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Royal Blood: King Richard III and the…

Royal Blood: King Richard III and the Mystery of the Princes (2000)

by Bertram Fields

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241471,983 (3.78)6
  1. 10
    The Princes in the Tower by Alison Weir (Scotland)
    Scotland: Fields work is largely a discertation against Weir's book. I will leave it up to the readers on who interprets history more accurately.
  2. 11
    The Daughter of Time by Josephine Tey (inge87)

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A lawyer's review of the case for and against blaming Richard III, King of England, for killing his nephews in the Tower of England. ( )
  VictoriaJZ | Jul 27, 2017 |
I found this to be a very good take on the who-killed-the-royal-princes question that still remains unsolved centuries later. As an attorney, Fields approaches the question with a clearer eye than most, laying down the motives for each proposed murderer. Like many, I feel that Richard III received a raw deal, but history's winners dictate the final version. However, the author provided me with full research, so that I wouldn't just say it was them darn Tudors.

Read the book and decide for yourself, since there will never be a conclusive answer to one of England's great mysteries. Still...those darn Tudors.

Book Season = Autumn (when the air is crisp) ( )
  Gold_Gato | Sep 16, 2013 |
A very interesting concept, an attorney preparing a defense of Richard III and seeing the mystery of "who done them in" from his point of view. Fields takes the reader through the history of the Wars of the Roses, Edward IV, Richard III and those hated Woodvilles as he analyses the pros and cons of the histories written by the contemporaries, along with those during the reign of Henry VII.

There's enough detail on the book from other reviewers that I needn't rehash it again. I found Field's arguments fascinating and compelling, although we still don't know the answer and probably never will unless 1) QE2 allows DNA testing on the bones alleged to be that of the young Princes or 2) someone invents a time machine. Recommended for those interested in the period and very readable for a non-fiction book. And yes, both Weir and Shakespeare get a few good swipes from the author for their prejudicial takes on Richard's guilt. ( )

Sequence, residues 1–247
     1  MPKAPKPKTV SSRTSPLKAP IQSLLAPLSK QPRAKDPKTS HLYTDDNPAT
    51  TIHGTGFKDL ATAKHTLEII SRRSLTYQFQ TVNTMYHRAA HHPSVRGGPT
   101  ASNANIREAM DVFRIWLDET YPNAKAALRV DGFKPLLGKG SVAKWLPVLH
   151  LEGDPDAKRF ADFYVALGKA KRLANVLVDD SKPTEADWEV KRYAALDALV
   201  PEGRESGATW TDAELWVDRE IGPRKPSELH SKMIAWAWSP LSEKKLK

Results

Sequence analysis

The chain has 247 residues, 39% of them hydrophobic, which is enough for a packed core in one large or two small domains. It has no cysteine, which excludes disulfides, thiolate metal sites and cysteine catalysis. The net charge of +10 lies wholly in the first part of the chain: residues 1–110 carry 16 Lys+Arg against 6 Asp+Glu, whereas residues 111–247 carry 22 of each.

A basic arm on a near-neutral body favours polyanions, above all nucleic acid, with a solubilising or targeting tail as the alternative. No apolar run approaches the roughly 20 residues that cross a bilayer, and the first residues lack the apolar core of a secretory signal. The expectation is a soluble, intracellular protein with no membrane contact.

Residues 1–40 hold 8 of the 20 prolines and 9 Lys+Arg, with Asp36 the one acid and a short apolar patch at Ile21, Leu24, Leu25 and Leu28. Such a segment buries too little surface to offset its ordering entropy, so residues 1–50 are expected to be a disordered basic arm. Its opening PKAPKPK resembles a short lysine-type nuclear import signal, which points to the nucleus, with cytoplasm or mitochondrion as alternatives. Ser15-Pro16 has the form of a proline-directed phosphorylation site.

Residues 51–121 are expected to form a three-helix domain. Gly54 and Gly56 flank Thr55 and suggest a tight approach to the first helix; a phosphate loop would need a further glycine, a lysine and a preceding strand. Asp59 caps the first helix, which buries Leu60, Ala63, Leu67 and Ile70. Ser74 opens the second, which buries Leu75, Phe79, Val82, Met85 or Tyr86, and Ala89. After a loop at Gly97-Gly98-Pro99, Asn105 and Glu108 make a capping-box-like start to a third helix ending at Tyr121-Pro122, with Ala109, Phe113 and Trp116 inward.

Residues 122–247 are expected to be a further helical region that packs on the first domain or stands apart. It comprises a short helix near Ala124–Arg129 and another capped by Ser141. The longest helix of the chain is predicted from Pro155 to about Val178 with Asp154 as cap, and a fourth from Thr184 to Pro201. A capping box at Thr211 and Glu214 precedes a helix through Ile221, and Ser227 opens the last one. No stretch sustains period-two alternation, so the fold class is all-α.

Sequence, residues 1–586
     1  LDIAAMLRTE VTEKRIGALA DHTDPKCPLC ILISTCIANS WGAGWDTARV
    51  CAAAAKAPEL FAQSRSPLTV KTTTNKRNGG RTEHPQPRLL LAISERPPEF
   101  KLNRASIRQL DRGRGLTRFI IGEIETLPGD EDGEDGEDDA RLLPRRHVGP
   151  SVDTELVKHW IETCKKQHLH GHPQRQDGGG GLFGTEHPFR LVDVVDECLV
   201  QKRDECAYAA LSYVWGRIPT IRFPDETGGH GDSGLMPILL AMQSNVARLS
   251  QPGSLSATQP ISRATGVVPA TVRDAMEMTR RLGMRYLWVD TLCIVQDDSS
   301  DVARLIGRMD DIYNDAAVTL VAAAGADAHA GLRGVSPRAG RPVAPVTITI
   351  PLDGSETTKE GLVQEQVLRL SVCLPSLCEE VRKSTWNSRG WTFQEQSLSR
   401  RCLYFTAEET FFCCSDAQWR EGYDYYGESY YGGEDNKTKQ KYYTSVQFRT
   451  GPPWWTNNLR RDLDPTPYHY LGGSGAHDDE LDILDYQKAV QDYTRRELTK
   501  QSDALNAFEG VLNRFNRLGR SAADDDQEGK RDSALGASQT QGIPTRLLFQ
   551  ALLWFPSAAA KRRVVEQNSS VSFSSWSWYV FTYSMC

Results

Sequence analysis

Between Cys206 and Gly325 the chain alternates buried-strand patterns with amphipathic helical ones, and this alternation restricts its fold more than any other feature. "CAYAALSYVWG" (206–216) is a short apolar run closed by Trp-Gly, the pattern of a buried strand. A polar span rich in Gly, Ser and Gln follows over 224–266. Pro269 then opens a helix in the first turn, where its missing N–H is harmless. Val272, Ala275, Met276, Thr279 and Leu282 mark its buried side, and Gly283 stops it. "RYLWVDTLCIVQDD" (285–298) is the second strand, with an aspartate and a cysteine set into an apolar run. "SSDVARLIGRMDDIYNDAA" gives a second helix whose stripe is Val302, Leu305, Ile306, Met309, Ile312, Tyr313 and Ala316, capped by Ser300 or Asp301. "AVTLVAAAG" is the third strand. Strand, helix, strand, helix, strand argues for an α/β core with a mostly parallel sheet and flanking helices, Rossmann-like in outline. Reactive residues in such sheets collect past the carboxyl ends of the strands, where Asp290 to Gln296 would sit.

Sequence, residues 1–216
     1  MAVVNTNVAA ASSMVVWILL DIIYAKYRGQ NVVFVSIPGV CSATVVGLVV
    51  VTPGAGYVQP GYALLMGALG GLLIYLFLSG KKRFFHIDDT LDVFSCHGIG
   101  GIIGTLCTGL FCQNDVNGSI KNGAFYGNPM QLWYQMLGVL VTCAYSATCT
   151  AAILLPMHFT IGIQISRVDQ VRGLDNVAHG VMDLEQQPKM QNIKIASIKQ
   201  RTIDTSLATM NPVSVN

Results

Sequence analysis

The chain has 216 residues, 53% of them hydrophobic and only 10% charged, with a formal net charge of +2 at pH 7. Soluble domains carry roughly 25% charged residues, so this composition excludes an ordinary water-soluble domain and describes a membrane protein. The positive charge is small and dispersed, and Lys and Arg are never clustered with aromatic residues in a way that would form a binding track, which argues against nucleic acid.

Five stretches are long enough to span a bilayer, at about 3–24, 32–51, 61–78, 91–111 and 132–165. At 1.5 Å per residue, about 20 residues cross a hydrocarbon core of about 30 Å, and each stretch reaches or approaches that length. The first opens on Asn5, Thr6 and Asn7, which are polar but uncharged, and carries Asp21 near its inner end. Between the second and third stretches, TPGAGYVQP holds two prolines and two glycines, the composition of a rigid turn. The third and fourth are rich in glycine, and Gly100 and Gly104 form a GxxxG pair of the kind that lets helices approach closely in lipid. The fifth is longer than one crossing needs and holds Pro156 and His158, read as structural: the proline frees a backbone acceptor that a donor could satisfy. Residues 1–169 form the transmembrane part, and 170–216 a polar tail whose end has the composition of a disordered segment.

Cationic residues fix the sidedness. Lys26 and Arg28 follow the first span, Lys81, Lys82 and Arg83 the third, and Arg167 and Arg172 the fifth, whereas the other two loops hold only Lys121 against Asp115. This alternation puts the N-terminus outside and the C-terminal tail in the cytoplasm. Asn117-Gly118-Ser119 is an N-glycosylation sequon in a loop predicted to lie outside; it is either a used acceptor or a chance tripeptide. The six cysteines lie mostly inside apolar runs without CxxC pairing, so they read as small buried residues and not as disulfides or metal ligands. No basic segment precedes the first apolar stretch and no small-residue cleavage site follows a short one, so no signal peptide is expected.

4 vote Misfit | May 11, 2009 |
Written by an entertainment lawyer, this book provides a new look at an old mystery. Ever since I read The Daughter of Time, I've been interested in the questions surrounding the murder of the princes in the Tower, so when I saw this book in the National Portait Gallery in London, I just had to buy it. While few of the facts mentioned in the book are new, the way Fields treats the case is certainly novel. Although using our current standards of evidence to judge a 500 year old crime may strike some as excessive, Fields' approach does lay out a clear and concise case which could serve as a solid intro to the issues for a newcomer to this debate. The chapter of "what might have beens" was the most entertaining part of the book and reminded me that history is a living thing, subject to the whims of individuals. While we may never know the truth of who killed the princes, the amount of interest that this case generates even today highlights that most human of characteristics- the burning desire to know just for the sake of knowing. ( )
3 vote ForeignCircus | Oct 20, 2008 |
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Amazon.com Amazon.com Review (ISBN 0060987383, Paperback)

Prominent entertainment attorney Bertram Fields uses his legal expertise to analyze the life and times of Richard III in Royal Blood, shining a light on that most ambiguous and important period of English history, the years of the 15th century between the War of the Roses and Richard's bloody death at Bosworth Field. Rebuking traditional historians who have immortalized Richard as the treacherous usurper--the vile mastermind behind the deaths of his brother, nephews, and friends--as well as revisionists who treat him as the courageous victim of treasonous allies and Tudor power, Fields cross-examined all the earliest accounts, including Thomas More's history (which would serve as the basis for Shakespeare's play), exposing the geographical, political, and cultural influences that have shaped previous interpretations of Richard's career.

Among the many surprises is Fields's suggestion that Richard did not commit what is widely understood to be his most atrocious crime: the murder of his nephews, the Woodville Princes. With a lawyer's zeal for establishing doubt, Fields boldly entertains several possibilities for the princes' fates, arguing that other powerful contestants for the English throne, like Richard's Tudor successor Henry VII, could have been responsible for the deaths of the boys--or that the infamous killing might not have even taken place. Fields also speculates on what might have happened had Richard not become king. Would England have remained Catholic? Could the First World War have been prevented? Such conjectures may raise an eyebrow--they are as delightfully provocative as the rest of Royal Blood. --James Highfill

(retrieved from Amazon Thu, 12 Mar 2015 18:09:43 -0400)

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